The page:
person paying for groceries in storeCanada’s K-shaped recovery is deepening the lines between rich and poor, two UWindsor professors write in the Toronto Star.

Profs tout solutions to address income inequality

Economic data indicate that Canadians who were well-off before the pandemic are benefiting, while those who had been marginalized are suffering, two UWindsor instructors argue in an opinion piece published Sunday in the Toronto Star newspaper.

“Research suggests that income inequality is reaching worrisome levels,” write economics professor emeritus Ron Meng and Imran Abdool, lecturer in economics and finance. “COVID-19 and its congruent economic crisis is an opportunity to implement key changes that will set Canada’s economic trajectory on the right path.”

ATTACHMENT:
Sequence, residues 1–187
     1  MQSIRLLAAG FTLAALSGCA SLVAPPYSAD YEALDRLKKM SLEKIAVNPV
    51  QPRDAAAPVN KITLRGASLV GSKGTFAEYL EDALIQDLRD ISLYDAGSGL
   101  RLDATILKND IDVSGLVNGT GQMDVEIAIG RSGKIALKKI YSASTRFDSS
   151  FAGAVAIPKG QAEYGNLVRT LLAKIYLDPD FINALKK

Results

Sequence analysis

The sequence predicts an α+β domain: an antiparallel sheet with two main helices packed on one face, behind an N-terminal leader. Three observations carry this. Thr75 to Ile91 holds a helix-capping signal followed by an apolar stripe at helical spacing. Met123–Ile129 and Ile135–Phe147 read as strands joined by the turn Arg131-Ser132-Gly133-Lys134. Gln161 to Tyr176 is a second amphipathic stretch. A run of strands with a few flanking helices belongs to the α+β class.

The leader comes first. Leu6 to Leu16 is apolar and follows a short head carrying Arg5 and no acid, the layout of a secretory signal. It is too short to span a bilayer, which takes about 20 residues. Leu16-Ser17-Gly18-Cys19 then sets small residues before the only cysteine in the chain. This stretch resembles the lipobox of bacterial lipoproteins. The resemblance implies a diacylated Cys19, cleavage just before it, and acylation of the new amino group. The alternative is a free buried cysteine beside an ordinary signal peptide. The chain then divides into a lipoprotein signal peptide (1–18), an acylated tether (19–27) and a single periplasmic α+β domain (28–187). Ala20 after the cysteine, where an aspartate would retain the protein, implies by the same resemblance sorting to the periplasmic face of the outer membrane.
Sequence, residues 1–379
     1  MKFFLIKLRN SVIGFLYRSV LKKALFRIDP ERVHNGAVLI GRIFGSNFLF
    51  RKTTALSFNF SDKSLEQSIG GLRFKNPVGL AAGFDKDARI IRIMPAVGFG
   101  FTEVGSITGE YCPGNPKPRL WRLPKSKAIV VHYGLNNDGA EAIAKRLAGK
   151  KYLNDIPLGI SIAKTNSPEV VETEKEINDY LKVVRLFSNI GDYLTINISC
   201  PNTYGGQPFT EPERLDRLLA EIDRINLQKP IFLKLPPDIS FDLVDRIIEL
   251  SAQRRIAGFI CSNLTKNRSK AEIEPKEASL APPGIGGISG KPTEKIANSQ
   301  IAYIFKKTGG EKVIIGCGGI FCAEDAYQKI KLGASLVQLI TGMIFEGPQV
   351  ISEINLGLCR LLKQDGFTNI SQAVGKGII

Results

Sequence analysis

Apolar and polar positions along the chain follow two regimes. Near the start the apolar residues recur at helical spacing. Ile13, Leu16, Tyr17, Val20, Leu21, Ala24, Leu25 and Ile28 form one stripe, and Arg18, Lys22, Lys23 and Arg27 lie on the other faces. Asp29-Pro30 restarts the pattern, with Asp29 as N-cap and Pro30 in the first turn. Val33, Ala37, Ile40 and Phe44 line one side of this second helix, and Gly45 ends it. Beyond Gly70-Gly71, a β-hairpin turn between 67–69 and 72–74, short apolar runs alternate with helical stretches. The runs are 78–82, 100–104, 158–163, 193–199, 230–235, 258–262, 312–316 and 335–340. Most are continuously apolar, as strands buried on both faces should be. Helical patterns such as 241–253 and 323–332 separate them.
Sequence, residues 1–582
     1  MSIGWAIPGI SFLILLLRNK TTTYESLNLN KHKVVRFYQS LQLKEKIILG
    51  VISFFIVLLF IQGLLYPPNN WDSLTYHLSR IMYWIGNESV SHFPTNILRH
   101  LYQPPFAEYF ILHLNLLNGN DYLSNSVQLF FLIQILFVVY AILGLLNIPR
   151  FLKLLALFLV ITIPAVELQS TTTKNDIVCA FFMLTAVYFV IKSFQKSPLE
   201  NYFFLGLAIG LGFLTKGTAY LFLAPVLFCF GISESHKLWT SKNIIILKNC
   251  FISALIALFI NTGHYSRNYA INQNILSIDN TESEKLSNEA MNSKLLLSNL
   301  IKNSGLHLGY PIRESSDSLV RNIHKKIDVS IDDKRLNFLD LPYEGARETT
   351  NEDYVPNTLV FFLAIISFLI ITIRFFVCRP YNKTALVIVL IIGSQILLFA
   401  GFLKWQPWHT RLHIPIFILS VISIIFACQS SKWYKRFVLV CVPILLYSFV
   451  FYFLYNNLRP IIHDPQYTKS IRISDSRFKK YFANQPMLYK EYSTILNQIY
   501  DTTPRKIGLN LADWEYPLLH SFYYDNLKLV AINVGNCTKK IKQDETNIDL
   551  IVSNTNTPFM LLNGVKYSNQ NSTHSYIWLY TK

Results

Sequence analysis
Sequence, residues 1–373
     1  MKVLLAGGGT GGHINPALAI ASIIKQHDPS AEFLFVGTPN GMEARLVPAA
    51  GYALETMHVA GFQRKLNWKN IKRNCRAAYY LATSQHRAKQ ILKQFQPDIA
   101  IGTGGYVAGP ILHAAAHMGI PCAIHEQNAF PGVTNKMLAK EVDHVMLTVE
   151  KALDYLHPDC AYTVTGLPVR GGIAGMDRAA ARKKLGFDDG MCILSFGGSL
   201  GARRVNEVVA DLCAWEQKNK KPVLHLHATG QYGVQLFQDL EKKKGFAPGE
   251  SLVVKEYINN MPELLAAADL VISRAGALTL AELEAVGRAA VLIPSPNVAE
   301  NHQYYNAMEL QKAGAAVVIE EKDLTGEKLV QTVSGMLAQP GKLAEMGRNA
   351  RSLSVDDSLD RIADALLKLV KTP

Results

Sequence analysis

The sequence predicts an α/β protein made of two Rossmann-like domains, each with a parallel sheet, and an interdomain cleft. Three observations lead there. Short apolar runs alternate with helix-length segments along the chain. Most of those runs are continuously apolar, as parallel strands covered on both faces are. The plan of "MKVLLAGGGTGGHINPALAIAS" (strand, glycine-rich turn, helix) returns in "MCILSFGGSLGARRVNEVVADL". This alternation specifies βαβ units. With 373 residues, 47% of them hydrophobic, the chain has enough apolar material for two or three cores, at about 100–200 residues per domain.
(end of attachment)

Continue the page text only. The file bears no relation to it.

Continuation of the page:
They suggest three measures: a universal basic income with automatic stabilizers; high-quality, affordable child care; and a well-designed wealth tax.

“Any increase in government revenues could be used to shore-up our health-care system and its backlogged cases, or to keep our education system competitive — critical to our long-term prosperity.”

Read their entire piece, “Canada’s K-shaped recovery is deepening the lines between rich and poor. Here’s how we can shift our economy toward a fair outcome for all,” online.